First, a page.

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Pilates.
Why is everyone talking about it?

Exercise doesn't need to be stressful; it can be relaxing but efficient in improving your strength and posture to help prevent back pain. These are just some of the reasons why Pilates has become so popular and why in recent years we have seen such an increase in the opportunities to start Pilates classes across Edinburgh.
So what's all the hype about? We asked Amy French, a Chartered Physiotherapist and qualified Pilates instructor who is well known to the McNaughton Physiogrange Clinic.
image What is Pilates?
It takes its name from the late Joseph Pilates, who developed exercises that focused on developing the body's core muscles to improve body awareness and posture. These exercises are based on biomechanical principles backed up by medical research.
Mat work Pilates is mainly performed lying on a mat and involves specific controlled strengthening exercises for the muscles that support your spine from your neck to your pelvis. It uses breathing to coordinate each movement.
There are five elements of the Pilates method
  • Postural awareness - to help reduce pain from poor postures
  • Effective breathing - to release any tension and stiffness in the body
  • Deep abdominal and pelvic control - to help retrain muscles to prevent or treat low back pain
  • Concentration - to help focus the mind on how the body works
  • Movement coordination, flow and stamina - to teach the body to move more freely and efficiently
Why do Physiotherapists recommend and teach Pilates?
Pilates has been accepted and researched by physiotherapists because it is seen as an intelligent form of exercise that is safe for all ages and abilities. Pilates exercises are used clinically by physiotherapists to help rehabilitate patients with recurring low back pain.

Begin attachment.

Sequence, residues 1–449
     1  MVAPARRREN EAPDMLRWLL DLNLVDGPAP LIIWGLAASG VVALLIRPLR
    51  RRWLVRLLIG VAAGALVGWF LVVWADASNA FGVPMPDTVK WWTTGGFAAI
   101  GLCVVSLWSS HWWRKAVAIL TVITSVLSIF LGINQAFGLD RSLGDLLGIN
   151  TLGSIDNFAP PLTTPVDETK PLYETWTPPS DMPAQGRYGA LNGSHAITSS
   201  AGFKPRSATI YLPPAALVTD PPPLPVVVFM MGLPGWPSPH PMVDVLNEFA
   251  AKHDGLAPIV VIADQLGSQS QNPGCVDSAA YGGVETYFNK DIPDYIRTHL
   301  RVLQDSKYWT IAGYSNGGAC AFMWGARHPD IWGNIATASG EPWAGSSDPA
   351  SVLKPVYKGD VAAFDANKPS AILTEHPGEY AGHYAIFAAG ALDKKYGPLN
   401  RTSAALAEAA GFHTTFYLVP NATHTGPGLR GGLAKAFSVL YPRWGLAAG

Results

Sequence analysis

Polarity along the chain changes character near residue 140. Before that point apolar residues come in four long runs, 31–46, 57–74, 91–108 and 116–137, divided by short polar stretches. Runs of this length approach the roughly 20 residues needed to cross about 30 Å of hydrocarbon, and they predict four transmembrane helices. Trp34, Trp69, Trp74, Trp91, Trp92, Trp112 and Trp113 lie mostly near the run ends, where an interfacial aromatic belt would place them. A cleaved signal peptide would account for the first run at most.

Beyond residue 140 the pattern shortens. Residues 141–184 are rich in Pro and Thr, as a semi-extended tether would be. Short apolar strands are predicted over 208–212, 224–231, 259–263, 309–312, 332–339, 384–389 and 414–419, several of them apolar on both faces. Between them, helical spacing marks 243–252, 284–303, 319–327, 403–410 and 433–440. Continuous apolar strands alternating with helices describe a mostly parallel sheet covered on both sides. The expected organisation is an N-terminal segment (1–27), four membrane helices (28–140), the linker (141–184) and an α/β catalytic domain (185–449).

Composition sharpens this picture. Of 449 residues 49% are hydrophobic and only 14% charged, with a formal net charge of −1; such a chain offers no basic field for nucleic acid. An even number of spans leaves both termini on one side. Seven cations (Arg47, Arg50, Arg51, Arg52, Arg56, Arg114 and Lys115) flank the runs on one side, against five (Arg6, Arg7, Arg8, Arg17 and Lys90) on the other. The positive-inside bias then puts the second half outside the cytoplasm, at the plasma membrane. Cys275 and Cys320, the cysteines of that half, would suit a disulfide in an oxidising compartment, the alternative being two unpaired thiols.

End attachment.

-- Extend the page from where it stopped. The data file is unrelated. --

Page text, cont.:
Research shows that a first episode of a simple low back pain resolves within 6 weeks. The alarming fact is that 80% of those people who have simple back pain will go on to have a second episode within 3-12 months. One of the problems thought to contribute to this recurrence is 'instability' or weak deep stabilising muscles also known as core muscles. It is well documented that the muscles trained in Pilates help to stabilise/support the spinal joints to prevent recurrence of back pain.
How to get started
Firstly you should always check with a qualified health professional before you undertake any new form of exercise. Secondly make sure you do your research and find a suitably qualified Pilates instructor; it is beneficial to have a Pilates trained Chartered Physiotherapist to get the best of both worlds if you have had or suffer from back problems.

Joseph Pilates was quoted as saying "In 10 sessions you will feel the difference, 20 you will see the difference and in 30 you will have a whole new body!".
Why not get started and then you, too, can see why Pilates has become so popular - remember practice make perfect!

This article was written by the McNaughton Physiogrange Team and first appeared in the November 2011 edition of the 702 Gazette


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